Amazing drinks including a rotating schedule of featured drafts and bottles from the globe over. Incredible food from the favored steak sandwich to brunch. Monthly five-course beer dinners. Validated parking. Comfy high-backed booths. DJ nights. Friendly and fast servers capable of suggesting a drink to pair with food or food to pair with a drink. Reasonable prices often punctuated with drink specials or half-price food nights. Great location. Diverse crowd. TV choices perfect for a buzzed stare. The only thing that could possibly be better would be if The Libertine was located in a futuristic force field where all food and drink had no caloric effect on thighs or impending beer guts.
One Sunday afternoon not long ago, we sat at the MBar in Neiman's NorthPark Center location watching with great affection and no small amount of awe the care with which Jose Mejia mixed up his homemade Bloody Mary brew. On the counter sat a small vat of tomato juice; nearby, there was a large glass filled with Worcestershire sauce, into which he added generous dollops of Tabasco sauce, followed by the juice of freshly grated horseradish and several heaps of the white heat. He sniffed each container before blending them together for yet another smell test, then a taste test. "This way," he said, "you don't need salt, just vodka." He grinned, then poured us another refill, into which he dropped a stalk of celery the size of a baby's arm. We muster myriad excuses to belly up to the Mbar—most involving Sunday-afternoon football games on the three TV sets perched in front of the six stools, providing a welcome respite from the hubbub of overpriced commerce nearby—but, truth is, there's no better place to drink or eat or drink in the entirety of NorthPark; and Mejia, who's stood watch over the bar since its inception four years ago, is as generous and considerate a host as any afternoon mall drinker could ask for.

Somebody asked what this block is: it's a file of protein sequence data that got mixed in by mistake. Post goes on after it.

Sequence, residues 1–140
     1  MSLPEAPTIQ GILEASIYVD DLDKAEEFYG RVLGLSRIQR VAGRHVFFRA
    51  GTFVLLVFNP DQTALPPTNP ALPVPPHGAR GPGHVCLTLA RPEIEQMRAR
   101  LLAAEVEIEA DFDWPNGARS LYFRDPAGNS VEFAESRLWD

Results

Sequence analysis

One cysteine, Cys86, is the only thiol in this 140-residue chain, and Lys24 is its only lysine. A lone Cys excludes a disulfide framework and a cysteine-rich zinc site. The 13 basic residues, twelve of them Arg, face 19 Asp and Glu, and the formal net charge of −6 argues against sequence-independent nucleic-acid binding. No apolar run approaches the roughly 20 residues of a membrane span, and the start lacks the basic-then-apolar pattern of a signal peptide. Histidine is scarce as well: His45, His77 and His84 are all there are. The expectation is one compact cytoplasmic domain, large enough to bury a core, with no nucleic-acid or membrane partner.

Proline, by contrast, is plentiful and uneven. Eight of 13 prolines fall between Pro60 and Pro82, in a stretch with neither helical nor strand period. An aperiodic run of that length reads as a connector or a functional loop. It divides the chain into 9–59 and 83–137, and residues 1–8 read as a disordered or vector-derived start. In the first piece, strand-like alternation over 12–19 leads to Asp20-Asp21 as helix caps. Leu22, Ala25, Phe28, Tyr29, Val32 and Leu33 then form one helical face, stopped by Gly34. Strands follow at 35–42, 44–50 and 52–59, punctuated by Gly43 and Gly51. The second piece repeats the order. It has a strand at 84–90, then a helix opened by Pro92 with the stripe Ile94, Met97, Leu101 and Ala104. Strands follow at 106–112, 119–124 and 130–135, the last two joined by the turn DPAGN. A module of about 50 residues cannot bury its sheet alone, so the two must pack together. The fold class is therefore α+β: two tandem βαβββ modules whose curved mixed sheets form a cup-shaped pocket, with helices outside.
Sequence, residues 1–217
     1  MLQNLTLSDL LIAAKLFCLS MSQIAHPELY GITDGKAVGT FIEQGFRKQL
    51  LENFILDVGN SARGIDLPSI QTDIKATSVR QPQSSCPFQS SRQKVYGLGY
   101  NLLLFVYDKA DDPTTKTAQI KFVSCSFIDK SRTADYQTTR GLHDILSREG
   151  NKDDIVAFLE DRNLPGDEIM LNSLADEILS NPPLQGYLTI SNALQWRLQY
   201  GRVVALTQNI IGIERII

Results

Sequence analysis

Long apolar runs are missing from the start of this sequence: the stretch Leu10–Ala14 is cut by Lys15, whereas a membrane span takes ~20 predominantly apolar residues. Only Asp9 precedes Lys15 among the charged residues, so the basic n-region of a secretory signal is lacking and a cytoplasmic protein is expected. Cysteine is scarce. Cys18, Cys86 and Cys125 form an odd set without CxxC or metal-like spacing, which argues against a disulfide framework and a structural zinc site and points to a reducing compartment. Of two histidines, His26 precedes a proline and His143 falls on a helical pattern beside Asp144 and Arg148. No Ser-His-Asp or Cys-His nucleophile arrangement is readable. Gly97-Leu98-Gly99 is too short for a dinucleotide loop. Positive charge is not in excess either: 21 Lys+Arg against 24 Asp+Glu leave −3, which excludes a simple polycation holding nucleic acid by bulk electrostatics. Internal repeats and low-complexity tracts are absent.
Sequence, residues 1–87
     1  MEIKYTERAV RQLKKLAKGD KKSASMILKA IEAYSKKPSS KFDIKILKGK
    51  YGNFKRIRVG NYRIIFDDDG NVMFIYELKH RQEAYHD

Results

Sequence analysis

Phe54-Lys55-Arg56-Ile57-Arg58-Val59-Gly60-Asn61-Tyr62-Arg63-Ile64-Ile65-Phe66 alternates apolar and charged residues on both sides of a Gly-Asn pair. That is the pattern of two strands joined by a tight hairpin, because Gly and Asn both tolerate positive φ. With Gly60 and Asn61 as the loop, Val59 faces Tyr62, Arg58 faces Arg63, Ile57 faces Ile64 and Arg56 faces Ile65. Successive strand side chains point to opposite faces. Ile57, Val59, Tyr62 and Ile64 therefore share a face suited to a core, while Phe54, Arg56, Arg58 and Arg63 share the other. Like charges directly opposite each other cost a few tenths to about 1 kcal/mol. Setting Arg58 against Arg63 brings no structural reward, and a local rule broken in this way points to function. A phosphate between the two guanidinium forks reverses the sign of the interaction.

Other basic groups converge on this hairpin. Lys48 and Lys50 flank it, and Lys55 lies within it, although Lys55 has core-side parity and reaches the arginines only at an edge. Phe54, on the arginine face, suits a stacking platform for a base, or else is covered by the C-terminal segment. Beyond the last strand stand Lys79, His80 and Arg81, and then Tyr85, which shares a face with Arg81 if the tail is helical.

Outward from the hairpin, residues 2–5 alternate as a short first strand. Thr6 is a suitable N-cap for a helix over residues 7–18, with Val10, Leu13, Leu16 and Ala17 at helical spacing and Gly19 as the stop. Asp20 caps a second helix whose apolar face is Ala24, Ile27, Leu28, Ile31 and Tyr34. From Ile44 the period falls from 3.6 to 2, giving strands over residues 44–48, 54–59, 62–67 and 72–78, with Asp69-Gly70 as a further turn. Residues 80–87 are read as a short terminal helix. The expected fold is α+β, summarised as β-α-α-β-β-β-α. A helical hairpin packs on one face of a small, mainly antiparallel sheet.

Sure, it's disappointing that a place with a name so associated with aliens and UFOs isn't decked out as such. In fact, the décor is a little confusing at the Saucer, as the walls and ceilings are covered with glass plates. But the place makes up for it with plenty of couches and a cozy room called the "Pub of Love," along with its unmatched selection of beer. On any given night, you've got a choice between 90 to 100 beers on tap and another 90 to 100 in bottles. Want a beer from the Czech Republic? They got it. Japan? Check.
When a musical needs a voice that can hit the back row, go through the back wall, into the parking lot and out to the stratosphere, the director calls for Megan Kelly Bates. The bouncy redhead sings, tap-dances and gets laughs, winning hearts and testing eardrums most recently as a yappy pup with a lot of high notes in Theatre Three's A Dog's Life. You've seen Bates, 28, in The Great American Trailer Park Musical and Urinetown at WaterTower, plus shows at Casa Manana, Contemporary Theatre and other stages all over North Texas. And where'd she come by those pipes? "When I was 5 and about to audition for my first show, The King and I, my mom put me in the living room, and we practiced my song. Then she had me sing in the hallway while she stayed in the living room and yelled, 'I can't hear you!' From there a belter was born!"